Composer Spotlight: Maja Palser
Updated: Jun 8
Interview conducted by Jake Adams, 6th May 2021. We sat down with composer and sound artist Maja Palser to talk about her work, the influence of rock music and performance in public spaces.
I’m a sound artist mainly interested in the making audience-focused, immersive, concept-based pieces that facilitate multi-sensory experiences in various settings. I’m particularly drawn to interdisciplinary collaborations and public art, striving to take contemporary music out of the concert hall and into the public realm.
Could you just tell us a bit about yourself and what you do?
Well, it’s an interesting time to ask this question because I’m sort of in between things. I’m a composer, but I’m at a point where I’m not sure whether I am happy calling myself a composer anymore. Maybe more of a sound artist … or just an artist! Also, I’m just about to finish my PhD, so that’s another transitionary period I guess. I’m a composer finishing a PhD, but also redefining what I’m doing at the same time – I guess that’s the closest description. What would you describe your interests as a musician as?
Well, I’ve always been really interested in experience (I always hesitate to say Art as Experience because it’s actually the title of a book, but it’s a really good book so maybe it’s not a bad thing to say that …). I guess I’m really interested in how music, and the combination of music and other artforms, creates an experience, how it is experienced and how the contexts in which it takes place changes the experience. More recently I’ve become particularly interested in public art - incidental experiences where you don’t plan to see something, you just happen upon an event. I became particularly interested in the feeling of awkwardness I often experience in concert halls (my musical background is more centred around rock rather than classical music). I’m interested in how the ritual and the implications of the concert hall can put people off and how you can trick people into experiencing things that they wouldn’t voluntarily go to.
Sounds great! This next one is always a tough one; why did you decide to become a musician?
Well, musician is actually a good word, because I always wanted to be a musician, or an actor or something similar. I always really enjoyed how these types of experiences (watching something, listening to something) take you out of your, maybe, slightly shitty life situation. It was always an escape route for me, and I always felt that I would love to do this for other people, and make them feel good, or understood. I never thought I would become a composer; I actually didn’t know you could become a composer, because I always thought that composers died out in the 1900s or something! I was quite surprised when a teacher of mine, with whom I spoke about maybe wanting to do music, or becoming a jazz pianist (although I was a pretty terrible pianist), essentially said you’re not really good enough, have you considered composition? So I guess that’s how I landed here.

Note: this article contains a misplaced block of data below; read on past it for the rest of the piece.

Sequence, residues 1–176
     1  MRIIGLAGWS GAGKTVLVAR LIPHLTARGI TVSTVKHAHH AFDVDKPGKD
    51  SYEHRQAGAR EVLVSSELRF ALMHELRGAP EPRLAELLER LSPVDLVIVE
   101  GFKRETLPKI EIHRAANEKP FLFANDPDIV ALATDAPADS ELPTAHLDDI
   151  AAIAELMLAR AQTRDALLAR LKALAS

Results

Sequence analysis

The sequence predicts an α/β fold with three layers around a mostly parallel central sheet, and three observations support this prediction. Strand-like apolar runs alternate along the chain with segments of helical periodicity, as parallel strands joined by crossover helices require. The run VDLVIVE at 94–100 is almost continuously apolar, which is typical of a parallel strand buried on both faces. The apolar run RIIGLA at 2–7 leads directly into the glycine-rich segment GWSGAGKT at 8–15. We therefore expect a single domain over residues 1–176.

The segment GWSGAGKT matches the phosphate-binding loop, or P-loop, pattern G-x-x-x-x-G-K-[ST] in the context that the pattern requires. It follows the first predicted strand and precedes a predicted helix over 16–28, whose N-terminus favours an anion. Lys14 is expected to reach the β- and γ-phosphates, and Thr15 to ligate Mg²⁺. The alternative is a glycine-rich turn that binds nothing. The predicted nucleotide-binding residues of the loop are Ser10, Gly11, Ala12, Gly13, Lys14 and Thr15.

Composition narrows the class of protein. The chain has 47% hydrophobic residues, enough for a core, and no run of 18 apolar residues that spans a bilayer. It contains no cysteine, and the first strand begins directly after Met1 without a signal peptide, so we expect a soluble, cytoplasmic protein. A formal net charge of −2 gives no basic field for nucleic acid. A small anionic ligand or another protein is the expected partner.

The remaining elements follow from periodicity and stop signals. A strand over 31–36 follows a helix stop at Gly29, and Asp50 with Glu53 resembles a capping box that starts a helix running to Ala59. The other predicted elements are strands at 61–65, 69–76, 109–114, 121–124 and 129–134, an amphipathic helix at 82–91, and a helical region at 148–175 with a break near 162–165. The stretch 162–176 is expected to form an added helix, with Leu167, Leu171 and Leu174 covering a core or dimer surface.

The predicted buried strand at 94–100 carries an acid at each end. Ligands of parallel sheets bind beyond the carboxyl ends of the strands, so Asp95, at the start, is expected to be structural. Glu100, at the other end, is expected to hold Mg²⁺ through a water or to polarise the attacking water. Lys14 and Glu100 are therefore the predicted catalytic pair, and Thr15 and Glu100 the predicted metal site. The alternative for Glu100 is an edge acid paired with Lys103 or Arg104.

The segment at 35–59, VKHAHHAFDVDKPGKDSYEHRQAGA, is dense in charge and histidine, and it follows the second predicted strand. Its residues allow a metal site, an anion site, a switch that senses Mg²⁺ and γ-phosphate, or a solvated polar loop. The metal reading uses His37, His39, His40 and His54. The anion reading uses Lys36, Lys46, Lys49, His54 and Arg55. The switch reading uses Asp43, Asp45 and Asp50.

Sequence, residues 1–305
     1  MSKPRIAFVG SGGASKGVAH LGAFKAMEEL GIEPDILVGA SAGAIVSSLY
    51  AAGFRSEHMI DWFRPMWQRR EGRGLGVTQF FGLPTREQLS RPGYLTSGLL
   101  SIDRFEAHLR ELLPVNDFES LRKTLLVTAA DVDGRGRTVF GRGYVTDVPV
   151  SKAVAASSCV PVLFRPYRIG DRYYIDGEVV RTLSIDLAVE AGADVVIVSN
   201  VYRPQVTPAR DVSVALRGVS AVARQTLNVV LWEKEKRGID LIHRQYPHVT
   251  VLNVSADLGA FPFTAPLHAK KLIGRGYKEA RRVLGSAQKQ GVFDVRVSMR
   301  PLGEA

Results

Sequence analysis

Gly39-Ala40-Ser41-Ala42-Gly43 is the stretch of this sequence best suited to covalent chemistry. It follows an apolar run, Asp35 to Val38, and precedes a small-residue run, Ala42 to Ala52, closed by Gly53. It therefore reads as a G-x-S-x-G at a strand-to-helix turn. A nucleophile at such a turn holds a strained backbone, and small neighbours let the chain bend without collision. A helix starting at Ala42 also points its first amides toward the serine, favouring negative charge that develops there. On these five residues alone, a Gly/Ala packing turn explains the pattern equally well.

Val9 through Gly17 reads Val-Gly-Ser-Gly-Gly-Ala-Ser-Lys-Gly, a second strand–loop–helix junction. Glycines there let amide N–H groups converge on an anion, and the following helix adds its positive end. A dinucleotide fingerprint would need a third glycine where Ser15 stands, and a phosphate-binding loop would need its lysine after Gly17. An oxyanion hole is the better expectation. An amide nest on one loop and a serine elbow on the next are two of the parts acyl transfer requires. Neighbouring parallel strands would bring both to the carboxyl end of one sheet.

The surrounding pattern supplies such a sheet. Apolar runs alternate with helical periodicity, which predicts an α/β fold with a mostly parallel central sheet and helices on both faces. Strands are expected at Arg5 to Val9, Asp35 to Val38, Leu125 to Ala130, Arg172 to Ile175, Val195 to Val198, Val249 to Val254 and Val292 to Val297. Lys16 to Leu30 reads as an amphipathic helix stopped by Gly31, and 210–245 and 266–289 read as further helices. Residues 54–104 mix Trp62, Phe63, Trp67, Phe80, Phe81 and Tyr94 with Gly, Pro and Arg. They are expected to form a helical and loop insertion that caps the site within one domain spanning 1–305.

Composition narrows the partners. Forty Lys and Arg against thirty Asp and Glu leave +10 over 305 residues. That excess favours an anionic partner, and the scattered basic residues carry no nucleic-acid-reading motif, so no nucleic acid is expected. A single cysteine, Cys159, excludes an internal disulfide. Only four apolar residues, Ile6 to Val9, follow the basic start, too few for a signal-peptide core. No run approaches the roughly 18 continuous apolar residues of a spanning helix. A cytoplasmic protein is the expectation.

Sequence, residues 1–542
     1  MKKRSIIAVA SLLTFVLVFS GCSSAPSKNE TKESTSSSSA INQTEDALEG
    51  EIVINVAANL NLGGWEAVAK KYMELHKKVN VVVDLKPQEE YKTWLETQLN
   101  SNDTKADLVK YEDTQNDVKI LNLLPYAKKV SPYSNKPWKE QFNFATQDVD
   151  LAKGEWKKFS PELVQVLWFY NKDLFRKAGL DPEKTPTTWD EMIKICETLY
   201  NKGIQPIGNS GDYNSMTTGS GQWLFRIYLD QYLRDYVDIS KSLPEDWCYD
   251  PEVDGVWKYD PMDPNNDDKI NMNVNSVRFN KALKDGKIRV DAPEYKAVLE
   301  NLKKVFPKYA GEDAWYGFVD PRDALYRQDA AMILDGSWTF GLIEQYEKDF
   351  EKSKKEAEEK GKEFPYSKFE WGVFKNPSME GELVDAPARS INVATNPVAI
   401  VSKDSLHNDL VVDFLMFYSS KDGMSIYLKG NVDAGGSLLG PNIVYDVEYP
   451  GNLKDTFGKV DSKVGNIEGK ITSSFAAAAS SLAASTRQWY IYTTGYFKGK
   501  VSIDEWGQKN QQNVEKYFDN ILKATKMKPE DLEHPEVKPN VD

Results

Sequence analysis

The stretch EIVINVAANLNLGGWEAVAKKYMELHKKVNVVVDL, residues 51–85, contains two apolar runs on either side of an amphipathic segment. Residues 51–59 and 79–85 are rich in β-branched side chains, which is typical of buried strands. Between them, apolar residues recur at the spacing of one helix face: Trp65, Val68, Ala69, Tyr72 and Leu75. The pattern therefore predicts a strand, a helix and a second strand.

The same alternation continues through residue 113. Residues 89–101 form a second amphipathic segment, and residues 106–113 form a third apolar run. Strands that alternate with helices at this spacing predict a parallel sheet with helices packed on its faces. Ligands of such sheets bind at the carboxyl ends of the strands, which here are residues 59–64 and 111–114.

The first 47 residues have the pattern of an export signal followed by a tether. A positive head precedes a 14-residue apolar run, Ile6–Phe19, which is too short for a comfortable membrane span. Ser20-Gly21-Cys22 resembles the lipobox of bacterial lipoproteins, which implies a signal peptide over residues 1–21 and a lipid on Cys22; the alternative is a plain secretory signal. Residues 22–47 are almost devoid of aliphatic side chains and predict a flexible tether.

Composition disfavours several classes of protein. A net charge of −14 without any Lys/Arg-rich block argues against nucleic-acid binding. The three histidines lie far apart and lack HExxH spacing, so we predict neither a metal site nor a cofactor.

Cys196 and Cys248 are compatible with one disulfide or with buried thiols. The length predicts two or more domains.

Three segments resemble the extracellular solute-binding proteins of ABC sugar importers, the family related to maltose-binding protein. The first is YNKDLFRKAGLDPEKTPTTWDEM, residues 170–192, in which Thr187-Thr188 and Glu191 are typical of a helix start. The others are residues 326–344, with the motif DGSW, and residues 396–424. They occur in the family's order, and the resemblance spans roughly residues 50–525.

Maja Palser & Andrew Bolton - Linear Expansion (2019)
I’m glad there’s someone else who didn’t realise composing still existed as a job!
What has your involvement with the Arc Project been, and how have you found the experience?
So far it has been one project, for which I wrote a drum kit piece, working with Andy Blackwell – I think it was actually the first project? It was great, very stressful but that was mainly my fault as I had many other things on at the time. I really like the focus on collaboration. I really miss that aspect. In most cases when you’re asked to write, you just have to write for something/someone. You barely interact with the performer until the rehearsal. I was also almost involved with another project, the interdisciplinary project, which I was super excited about because of its closeness to my interests – sadly it didn’t end up happening. But the main aspect that I love is definitely the focus on working together which I think especially as a composer is a rare occurrence. Maybe the thing I struggle the most with is being asked to just produce something and turn up with a finished work, without having anyone to bounce ideas off – so I think this is really refreshing!
It’s interesting, what you’re saying about being asked to write a piece and going away to write in isolation because that’s almost the ‘normal’ idea of what a composer does. Do you find that, through collaboration, you achieve a more fulfilling piece? Yeah, I think I do - because the process to me is more fulfilling, and it makes me more confident, which affects how I feel about the end product. As I mentioned before, I come from a background of playing with bands, and the way we used to write songs in the band was someone would have an idea and we would end up improvising on it and developing it. If I could, I would always write that way, but obviously it doesn’t work like that! It is definitely something that makes me feel more comfortable, being able to communicate with and bounce ideas off a group or individual whilst the process is ongoing, not when it is ‘finished’.
Going back to the piece you composed for the first concert, for drumkit, in terms of your history with rock bands, have you ever worked with a drumkit in a ‘classical’ setting before? How did you find it?
I thought it was great. I’d not done it before but I had planned it, and hoped I would be able to use it for a long time. My dad is actually a professional jazz and rock drummer so I've always felt a bit hesitant to approach him with something that is "classical" because he doesn’t work with this style of notation. In that sense it was really great to have this opportunity (and there was a very strong jazz influence on the piece, I revisited all the old recordings that I’d been listening to all my life, Art Blakey and Buddy Rich for example).
Wow. Could you name some musicians that have influenced your perspectives on music and the style that you work in?
Yeah, where to start … I think the rock musicians I was listening to as a kid still have a huge influence – they’re probably still my major influence. In terms of ‘classical’ music terms, I think one of my most enduring influences is Morton Feldman. I just love that, sort of, resistance to impress, in a way? - going back to what I said about experience, where music is not one focal point but creates something bigger, it is about space and being. The very long pieces that just don’t really do anything dramatic or spectacular, they just ‘are’, were a very real eye-opener for me. There are also a lot of non-Western influences; I am very interested in Raga, Gamelan and Turkish classical music. Actually, a lot of the rhythms I used in the drumkit piece were Turkish modes, I think anything can grab my attention if there’s something different about it!